Massachusetts Daily Collegian

A free and responsible press serving the UMass community since 1890

A free and responsible press serving the UMass community since 1890

Massachusetts Daily Collegian

A free and responsible press serving the UMass community since 1890

Massachusetts Daily Collegian

Club juggles fun and fancy

Matthew Harrison/Collegian

From juggling torches to acrobatics to unicycles, the Juggling Club, meeting every Wednesday in the Boyden wrestling room at 6:30 p.m., offers an array of awing object-manipulation activities.’ Welcoming those looking to sharpen their skills or be introduced to the art, this registered student organization at the University of Massachusetts Amherst includes certified juggling teachers and an opportunity to learn something new.

The club’s diverse membership is made up of high school students, undergraduates, graduates and post-docs. Even jugglers living in the nearby areas attend the meetings. Versatility in the activities include traditional ball juggling, club juggling, rings, contact juggling, poi (which involves balls on ropes being swung in circular patterns), staves, meteors, diabolos, yo-yos, devil sticks, acrobatics and the unicycle. What makes the experience even more enriching, however, is that fact that people can be in the company of others with similar interests.

One member of the club, Katherine Skipper, a junior at UMass remarked, ‘It is great to find a group of people as crazy as I am who enjoy the same things. Also, you find out that you have never learned everything.’

Joshua Drolet, president of the club, said, ‘It’s usually more fun to juggle with more people because you can learn from them and teach them.”

Juggling, which is derived from the term jogelen, meaning to entertain by performing tricks, is the physical human skill involving the movement of one or more objects, usually through the air. Though popular in early civilizations, the sport became more popular after the fall of the Roman Empire. During the 19th century, the popularity of music hall theatre led to a demand in jugglers to entertain the audience during intermissions. Nowadays, it is viewed more as a hobby.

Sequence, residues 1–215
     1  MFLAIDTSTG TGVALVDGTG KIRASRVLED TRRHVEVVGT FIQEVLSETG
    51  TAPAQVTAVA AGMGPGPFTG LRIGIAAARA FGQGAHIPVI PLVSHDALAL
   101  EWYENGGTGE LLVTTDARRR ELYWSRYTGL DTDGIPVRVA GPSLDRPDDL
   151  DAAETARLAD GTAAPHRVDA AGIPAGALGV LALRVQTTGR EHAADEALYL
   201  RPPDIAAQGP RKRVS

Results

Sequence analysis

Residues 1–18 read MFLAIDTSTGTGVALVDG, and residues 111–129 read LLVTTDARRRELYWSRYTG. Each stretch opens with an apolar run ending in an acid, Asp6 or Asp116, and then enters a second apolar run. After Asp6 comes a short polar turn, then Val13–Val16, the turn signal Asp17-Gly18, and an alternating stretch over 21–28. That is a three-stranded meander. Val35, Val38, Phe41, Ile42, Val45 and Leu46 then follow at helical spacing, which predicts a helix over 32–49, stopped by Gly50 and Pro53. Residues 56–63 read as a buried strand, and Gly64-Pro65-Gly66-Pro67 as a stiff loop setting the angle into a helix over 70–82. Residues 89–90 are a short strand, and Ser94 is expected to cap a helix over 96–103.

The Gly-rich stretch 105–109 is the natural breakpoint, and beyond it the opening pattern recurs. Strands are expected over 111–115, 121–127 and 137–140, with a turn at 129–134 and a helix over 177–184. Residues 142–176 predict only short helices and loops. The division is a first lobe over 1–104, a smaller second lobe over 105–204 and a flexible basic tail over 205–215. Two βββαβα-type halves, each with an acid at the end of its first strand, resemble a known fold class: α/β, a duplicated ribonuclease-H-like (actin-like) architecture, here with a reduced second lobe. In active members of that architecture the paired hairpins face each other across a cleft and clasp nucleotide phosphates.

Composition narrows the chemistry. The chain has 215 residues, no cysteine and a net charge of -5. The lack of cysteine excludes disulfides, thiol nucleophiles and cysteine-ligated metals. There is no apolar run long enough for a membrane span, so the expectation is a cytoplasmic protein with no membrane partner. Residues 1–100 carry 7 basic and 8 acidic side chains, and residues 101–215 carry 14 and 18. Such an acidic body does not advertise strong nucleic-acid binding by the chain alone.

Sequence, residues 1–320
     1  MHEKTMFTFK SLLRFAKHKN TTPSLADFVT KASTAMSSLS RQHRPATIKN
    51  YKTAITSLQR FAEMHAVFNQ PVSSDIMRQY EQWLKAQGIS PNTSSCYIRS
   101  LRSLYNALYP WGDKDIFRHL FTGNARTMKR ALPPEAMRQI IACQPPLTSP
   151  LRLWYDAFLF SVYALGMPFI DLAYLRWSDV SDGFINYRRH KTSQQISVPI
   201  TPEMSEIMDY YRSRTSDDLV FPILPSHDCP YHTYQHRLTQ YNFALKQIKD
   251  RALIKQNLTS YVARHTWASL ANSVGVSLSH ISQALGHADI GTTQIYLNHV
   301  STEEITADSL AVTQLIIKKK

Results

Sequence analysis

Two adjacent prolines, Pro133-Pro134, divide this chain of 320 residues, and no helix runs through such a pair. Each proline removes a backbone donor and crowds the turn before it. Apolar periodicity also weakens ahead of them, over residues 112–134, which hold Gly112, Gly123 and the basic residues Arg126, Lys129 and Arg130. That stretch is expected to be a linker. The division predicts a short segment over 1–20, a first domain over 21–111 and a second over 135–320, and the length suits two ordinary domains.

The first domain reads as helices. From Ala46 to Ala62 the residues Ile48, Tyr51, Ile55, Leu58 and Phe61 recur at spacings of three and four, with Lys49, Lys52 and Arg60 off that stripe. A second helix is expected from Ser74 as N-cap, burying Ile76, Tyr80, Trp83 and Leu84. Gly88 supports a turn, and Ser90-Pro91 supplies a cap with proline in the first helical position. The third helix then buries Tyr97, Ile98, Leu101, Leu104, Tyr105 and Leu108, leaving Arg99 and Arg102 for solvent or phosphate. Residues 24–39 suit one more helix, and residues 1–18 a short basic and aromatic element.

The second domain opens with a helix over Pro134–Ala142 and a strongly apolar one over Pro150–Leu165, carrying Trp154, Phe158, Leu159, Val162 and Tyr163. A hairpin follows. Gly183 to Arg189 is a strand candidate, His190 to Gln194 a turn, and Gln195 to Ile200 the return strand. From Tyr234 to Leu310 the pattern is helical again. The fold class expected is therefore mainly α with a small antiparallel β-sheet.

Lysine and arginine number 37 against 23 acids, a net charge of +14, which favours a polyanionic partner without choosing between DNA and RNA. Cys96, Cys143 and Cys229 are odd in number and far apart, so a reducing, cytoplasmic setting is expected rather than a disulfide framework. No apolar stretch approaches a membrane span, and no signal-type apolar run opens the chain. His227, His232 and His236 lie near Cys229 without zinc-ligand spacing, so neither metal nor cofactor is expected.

The International Jugglers Association was developed in the 1950s and now hosts regular conventions. The association’s formation led to World Juggling Day, where juggling is recognized and jugglers are encouraged to celebrate everywhere. World Juggling Day is expected to take place this year on June 20, 2009.

Henry Lappen, a professional juggler for more than 25 years, not only teaches others in the club, but is also an active member of this International Jugglers Association.

The Juggling Information Service Committee on Numbers was created, which maintains the official numbers of juggling records.Because of this committee, those who are highly competitive and passionate can strive to someday beat the world record of juggling with a particular prop.

In the early 1980s, the International Juggling Convention, which previously took place at Hampshire College, moved to UMass, and the club has expanded and excelled under talented jugglers at the university.

Another member of the Juggling Club, Daniel Coyne, who is a marketing consultant said, ‘You learn ‘hellip; because the moves are broken down to less intimidating ones.’

More importantly, the idea behind the process of learning can be applied to any other discipline or activity.

Though the club usually performs at various UMass events, what many look forward to most is seeing the jugglers use torches and spin fire poi as well as fire staff. This type of entertainment normally takes place during the spring and summer near the campus pond.

Drolet also said, ‘The goal for the group is to introduce the jugglers of
the Amherst area so they can practice their skills and become better.’ Another major goal, if not our most important, is to teach others who are new to juggling how to juggle.’

Dinah Gorelik can be reached at [email protected].

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